Case Study

Why China relies on air freight

Economic Trade

Air freight is the preferred mode of transport for the new global economy’s high value-to-weight manufactured goods such as microelectronics, pharmaceuticals, aerospace components and medical devices. The electronics industry accounts for around 40% of the value of the entire international air cargo industry.

For the economies of Asia, where there is relatively little cross-border land transport compared to North America and Europe, air cargo is a vital bridge to the global market. Malaysia, China and Singapore have excellent ocean access to busy shipping routes but are also heavily dependent on air freight for imports and exports. They have been integrated into the global electronics production chain because they send their products to North America and Europe by air within 24 or 48 hours – by ship this would take up to 30 days. It may cost seven times more to carry goods by air than by sea, but when the cargo comprises time-sensitive products that rapidly suffer from obsolescence, such as computers, MP3 music players and cell phones, these goods have a relatively short marketing life and every day counts.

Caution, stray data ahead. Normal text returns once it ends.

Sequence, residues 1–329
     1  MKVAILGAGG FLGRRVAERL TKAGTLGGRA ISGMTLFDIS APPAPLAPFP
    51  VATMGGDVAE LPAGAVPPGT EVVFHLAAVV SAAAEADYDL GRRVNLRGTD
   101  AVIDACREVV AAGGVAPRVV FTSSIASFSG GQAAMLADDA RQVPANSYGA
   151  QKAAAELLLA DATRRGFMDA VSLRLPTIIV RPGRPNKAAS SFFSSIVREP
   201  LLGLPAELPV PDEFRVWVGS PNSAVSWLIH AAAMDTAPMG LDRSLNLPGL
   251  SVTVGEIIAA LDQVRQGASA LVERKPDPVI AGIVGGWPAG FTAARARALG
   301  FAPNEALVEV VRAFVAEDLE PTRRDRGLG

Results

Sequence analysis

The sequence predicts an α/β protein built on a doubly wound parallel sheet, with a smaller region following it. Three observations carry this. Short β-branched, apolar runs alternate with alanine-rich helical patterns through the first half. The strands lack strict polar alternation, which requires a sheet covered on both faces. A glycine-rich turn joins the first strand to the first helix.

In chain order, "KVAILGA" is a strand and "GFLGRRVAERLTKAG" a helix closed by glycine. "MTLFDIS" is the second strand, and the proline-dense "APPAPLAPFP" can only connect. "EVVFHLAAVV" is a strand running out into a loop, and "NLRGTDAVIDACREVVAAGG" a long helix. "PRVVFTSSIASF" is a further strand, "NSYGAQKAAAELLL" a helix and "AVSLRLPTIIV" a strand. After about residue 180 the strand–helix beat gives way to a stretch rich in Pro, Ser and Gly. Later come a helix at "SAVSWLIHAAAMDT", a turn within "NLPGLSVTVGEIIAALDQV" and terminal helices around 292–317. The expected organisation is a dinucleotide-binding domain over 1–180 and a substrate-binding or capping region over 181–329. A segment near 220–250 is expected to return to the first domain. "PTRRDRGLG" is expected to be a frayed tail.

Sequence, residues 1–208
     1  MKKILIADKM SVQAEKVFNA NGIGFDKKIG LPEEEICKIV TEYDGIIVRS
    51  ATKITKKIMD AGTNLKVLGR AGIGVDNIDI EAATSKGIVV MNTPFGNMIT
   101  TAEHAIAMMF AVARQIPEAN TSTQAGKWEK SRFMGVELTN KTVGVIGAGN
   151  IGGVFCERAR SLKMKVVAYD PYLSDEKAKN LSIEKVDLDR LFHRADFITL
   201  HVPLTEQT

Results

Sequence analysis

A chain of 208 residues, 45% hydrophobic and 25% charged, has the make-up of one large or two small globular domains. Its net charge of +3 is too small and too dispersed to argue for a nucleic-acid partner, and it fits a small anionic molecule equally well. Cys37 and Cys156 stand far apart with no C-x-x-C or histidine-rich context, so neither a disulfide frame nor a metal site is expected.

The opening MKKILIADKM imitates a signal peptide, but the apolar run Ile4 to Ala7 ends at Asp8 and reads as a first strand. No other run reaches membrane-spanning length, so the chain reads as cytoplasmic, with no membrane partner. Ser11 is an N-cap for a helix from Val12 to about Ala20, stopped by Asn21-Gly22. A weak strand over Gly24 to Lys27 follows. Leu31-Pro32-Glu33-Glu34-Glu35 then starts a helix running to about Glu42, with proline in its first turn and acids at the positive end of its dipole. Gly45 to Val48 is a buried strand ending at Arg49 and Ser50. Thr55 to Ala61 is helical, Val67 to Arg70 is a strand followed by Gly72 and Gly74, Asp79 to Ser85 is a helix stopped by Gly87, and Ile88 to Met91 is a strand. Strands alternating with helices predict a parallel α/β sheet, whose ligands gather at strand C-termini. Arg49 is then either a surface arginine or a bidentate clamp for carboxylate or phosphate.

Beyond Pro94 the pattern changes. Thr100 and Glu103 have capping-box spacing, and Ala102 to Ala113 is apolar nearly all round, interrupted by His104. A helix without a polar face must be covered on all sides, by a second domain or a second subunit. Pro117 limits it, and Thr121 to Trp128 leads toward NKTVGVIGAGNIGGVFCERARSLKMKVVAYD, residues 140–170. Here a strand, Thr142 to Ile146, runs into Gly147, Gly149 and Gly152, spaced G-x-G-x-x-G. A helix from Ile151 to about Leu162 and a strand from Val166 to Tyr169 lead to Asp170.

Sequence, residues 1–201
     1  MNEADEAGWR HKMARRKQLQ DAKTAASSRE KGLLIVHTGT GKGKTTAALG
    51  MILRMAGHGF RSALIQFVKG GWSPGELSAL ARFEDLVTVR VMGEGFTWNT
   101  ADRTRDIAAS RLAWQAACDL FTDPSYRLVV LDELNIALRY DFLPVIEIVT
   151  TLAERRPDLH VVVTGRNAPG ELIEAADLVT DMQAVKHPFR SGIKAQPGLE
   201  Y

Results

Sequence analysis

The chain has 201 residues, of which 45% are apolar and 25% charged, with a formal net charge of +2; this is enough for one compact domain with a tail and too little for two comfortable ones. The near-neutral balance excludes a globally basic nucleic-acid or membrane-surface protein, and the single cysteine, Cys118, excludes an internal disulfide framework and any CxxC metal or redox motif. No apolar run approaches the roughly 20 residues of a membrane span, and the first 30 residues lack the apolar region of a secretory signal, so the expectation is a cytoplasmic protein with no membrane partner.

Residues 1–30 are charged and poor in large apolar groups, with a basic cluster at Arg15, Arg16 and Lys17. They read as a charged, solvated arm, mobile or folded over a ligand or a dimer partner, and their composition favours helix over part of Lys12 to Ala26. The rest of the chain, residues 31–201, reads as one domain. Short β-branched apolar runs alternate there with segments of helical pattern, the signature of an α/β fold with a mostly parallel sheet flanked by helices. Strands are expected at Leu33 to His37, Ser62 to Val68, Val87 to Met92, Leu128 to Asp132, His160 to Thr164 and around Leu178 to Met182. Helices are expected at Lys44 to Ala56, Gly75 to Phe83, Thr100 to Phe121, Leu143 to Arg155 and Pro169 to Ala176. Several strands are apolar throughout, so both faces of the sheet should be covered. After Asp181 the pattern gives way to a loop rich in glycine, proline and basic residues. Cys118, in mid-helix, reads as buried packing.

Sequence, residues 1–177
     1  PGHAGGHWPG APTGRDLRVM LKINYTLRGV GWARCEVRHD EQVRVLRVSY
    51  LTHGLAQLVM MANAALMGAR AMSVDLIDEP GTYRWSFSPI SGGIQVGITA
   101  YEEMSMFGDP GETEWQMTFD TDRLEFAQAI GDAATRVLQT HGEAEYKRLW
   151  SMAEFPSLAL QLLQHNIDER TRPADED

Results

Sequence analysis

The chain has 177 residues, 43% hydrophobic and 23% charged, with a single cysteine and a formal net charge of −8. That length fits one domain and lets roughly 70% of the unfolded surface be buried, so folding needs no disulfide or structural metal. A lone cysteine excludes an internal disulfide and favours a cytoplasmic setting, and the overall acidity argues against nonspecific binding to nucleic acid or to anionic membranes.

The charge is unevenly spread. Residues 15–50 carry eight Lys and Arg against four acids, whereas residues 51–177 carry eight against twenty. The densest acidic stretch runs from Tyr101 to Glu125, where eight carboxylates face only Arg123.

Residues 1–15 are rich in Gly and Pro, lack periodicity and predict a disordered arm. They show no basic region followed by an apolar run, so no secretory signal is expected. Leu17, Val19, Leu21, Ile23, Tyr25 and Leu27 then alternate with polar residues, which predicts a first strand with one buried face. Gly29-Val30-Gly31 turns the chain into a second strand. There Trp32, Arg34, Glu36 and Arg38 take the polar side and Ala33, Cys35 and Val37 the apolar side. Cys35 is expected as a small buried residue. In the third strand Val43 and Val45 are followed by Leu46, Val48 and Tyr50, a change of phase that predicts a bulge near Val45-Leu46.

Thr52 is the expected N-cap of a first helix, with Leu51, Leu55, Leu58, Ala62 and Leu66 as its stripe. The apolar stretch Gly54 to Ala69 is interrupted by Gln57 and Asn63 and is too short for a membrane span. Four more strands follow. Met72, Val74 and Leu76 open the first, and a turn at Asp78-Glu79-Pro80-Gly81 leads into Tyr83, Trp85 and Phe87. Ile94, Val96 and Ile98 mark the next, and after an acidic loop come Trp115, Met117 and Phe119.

Nearly 60% of the world’s air freight is carried on routes between North America, Western Europe and Southeast Asia. As air-freighted electronic goods are incorporated into an increasingly wide number of domestic and professional equipment throughout all sectors of the economy, large parts of the economies of Europe and North America have effectively become dependent on these trade routes.

The fastest growing air cargo market in the world is between China and North America with an annual growth rate of more than 10% year on year since 1995. Around 40% of air freight shipped from China to the USA comprises consumer goods and 29% high-tech products, such as computer electronics. China is now the second largest air freight market after the USA, and depends increasingly on air cargo to get its high tech goods to market.